Whistles — September 21, 2015

Eve Harris - Brazil


December 23, 2015

 

When I blow a whistle, one of two things happens: kids start scooping up rings and rubber ducks or a river otter hops up on its hind legs like a meerkat and pokes its little face in a tube.

I spent many mornings in 2015 working at Hayden Recreation Center as a lifeguard and swim instructor.  This summer I got used to my schedule of teaching five swim lessons in the mornings, guarding for a half an hour, and then guarding an afternoon packed with free swims for the day camp kids at Hayden.  I spent all day with my hair in two braids in a one-piece swimsuit, shorts, a red T-shirt, and a tube on my lap.  As for my whistle, I was always twirling it around my fingers, ready to blow it to remind kids to keep their hands to themselves or let them know it was the end of free swim – time to clean up the pool.  These days, my days are a little different, but I still have my whistle.

5:30am – I get up before the sun to shower, pop my hair in a ponytail, and get dressed – otter T-shirt, long pants, sneakers, and raincoat.  Once I’m ready to go, I have a breakfast of homemade yogurt with fresh fruit and granola (my host mother makes yogurt and bakes bread every-other day).

6:30am – I catch my first of three buses to Projeto Lontra across the street from my house in Lagoa da Conceição.  After my third bus, I have a brief, wooded walk down a dirt road to Projeto Lontra.

8:30am – When I arrive at Projeto Lontra, I head directly into the Setor de Nutrição, in the interior of the enclosures, to prepare the otters’ food.  At Projeto Lontra, we have six neo-tropical river otters, all of whom were orphaned as cubs.  Because otters need to remain with their mothers for the first year to learn how to swim and hunt, these otters cannot be released into the wild.  After I have measured out the appropriate amount of fish, I head up the stairs to the rooftop garden with a bucket of water and my whistle.  When I blow my whistle at the first enclosure, Boni and Bela scamper out of the water and head to the tube that runs from the rooftop garden into their enclosure.  I throw the fish down the tube, followed by a little water.  After Boni and Bela come Tupi and Yara and then Peri and Cici.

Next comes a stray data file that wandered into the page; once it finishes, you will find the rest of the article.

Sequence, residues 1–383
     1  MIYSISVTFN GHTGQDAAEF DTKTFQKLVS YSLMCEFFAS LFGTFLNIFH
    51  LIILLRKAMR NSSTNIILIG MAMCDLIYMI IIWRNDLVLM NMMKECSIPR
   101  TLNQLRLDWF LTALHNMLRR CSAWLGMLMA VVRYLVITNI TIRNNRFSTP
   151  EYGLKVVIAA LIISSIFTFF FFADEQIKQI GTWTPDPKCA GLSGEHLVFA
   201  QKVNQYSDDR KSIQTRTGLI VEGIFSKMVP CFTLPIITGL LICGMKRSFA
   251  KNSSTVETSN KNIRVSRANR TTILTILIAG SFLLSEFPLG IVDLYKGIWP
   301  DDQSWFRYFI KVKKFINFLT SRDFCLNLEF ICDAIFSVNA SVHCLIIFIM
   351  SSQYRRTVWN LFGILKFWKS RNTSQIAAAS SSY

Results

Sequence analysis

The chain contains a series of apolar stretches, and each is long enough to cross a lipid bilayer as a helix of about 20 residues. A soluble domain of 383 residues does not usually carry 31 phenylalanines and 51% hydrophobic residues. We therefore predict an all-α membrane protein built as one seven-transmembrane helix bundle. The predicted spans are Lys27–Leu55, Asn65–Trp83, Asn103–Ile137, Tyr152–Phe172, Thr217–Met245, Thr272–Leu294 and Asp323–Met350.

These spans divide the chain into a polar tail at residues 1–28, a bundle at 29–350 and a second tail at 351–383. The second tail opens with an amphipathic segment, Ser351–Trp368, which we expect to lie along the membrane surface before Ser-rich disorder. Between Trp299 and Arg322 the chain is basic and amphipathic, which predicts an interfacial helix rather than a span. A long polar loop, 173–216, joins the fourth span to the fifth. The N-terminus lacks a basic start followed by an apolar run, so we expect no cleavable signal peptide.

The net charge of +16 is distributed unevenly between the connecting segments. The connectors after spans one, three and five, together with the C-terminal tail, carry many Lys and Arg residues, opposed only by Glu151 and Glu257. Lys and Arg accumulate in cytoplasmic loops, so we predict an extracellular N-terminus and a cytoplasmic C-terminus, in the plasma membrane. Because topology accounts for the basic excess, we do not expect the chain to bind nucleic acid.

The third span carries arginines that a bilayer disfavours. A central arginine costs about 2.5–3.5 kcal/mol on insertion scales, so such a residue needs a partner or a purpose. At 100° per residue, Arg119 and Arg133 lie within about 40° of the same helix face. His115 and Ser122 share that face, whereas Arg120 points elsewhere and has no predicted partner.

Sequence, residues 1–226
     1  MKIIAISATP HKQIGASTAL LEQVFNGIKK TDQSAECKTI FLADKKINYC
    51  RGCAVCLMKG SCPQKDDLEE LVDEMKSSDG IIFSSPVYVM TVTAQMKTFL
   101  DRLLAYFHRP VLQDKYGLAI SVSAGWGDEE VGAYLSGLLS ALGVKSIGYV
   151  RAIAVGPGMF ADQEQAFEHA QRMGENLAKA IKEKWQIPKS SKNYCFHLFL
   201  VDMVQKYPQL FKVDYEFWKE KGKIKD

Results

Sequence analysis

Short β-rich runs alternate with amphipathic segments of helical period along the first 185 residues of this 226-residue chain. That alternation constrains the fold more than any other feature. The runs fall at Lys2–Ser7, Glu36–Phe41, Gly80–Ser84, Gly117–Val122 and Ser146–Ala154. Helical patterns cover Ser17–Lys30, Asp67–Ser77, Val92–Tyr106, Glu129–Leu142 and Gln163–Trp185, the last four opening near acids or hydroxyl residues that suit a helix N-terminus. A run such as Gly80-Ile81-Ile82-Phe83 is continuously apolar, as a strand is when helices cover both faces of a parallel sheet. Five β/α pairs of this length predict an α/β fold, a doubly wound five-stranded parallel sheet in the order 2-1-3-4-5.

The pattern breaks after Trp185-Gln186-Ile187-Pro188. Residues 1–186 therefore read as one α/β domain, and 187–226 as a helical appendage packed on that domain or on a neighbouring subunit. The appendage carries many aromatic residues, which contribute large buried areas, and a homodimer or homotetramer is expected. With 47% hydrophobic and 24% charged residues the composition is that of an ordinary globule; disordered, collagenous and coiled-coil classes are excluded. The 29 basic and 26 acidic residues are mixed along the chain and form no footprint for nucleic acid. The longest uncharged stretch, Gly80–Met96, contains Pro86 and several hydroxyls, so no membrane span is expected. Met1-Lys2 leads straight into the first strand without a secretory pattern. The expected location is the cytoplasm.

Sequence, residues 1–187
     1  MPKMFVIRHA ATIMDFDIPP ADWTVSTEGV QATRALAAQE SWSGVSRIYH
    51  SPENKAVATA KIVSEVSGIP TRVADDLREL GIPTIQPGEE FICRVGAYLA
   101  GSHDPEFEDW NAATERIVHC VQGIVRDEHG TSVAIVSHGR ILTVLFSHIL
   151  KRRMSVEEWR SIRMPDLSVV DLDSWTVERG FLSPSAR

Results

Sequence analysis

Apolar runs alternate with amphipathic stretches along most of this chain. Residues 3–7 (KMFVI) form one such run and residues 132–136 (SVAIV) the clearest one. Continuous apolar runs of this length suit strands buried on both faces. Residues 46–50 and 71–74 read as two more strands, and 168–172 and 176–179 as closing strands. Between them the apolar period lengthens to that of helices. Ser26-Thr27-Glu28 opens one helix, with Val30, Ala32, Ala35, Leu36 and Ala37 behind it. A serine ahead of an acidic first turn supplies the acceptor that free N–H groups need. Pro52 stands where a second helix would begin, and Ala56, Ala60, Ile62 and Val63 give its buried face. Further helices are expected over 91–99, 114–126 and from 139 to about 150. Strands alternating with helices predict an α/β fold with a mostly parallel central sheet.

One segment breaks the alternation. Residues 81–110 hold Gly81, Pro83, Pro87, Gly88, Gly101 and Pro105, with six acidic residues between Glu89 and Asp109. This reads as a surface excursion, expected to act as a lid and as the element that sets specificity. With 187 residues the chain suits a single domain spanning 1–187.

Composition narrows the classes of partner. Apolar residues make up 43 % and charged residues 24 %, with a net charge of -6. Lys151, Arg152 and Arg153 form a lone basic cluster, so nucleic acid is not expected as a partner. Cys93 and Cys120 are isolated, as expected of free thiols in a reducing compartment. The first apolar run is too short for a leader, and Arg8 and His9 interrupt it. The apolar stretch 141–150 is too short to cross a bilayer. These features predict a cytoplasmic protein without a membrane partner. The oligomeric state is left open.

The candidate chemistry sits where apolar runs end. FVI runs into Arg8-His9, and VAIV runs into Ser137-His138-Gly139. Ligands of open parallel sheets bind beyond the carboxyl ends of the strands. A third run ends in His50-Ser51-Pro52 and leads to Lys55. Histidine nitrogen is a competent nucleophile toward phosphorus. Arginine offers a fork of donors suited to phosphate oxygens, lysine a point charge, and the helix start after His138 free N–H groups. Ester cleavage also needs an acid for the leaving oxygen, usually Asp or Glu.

In addition to the otters, we also have a tayra, an arboreal cousin of the river otter, a blind raccoon, two saguis monkeys, a python named Boris, five tropical birds, seven turtles, three ponds full of tilapia, and two tropical fish.  The rats and the tilapia are raised as food for the python and the otters, respectively.  After I feed the otters, I move on to the tayra, Wuinny, who eats fruit, vegetables, chicken, eggs, rats, and honey.  To keep Wuinny from getting bored, I hide his food throughout his enclosure.  After Wuinny, I feed the turtles, rats, monkeys, and birds their breakfast of pellets and fruit.

10:00am – Once all of the otters and the tayra have eaten their breakfast, I put them in small rooms attached to their main enclosures, so that I can clean their enclosures.

12:30pm – After a morning of caring for the animals, I take a midday break for lunch to cool off a little in the shade.

2:00pm – I spend my afternoons cleaning up the community recycling center, assisting with environmental education with school groups, and helping with maintenance work around the otter project.

4:45pm – After a long day at Projeto Lontra, I head back to the bus stop next to Edson Bar to catch my first of three buses home.  I get home from the otter project about 7:30pm.

 

 

Eve Harris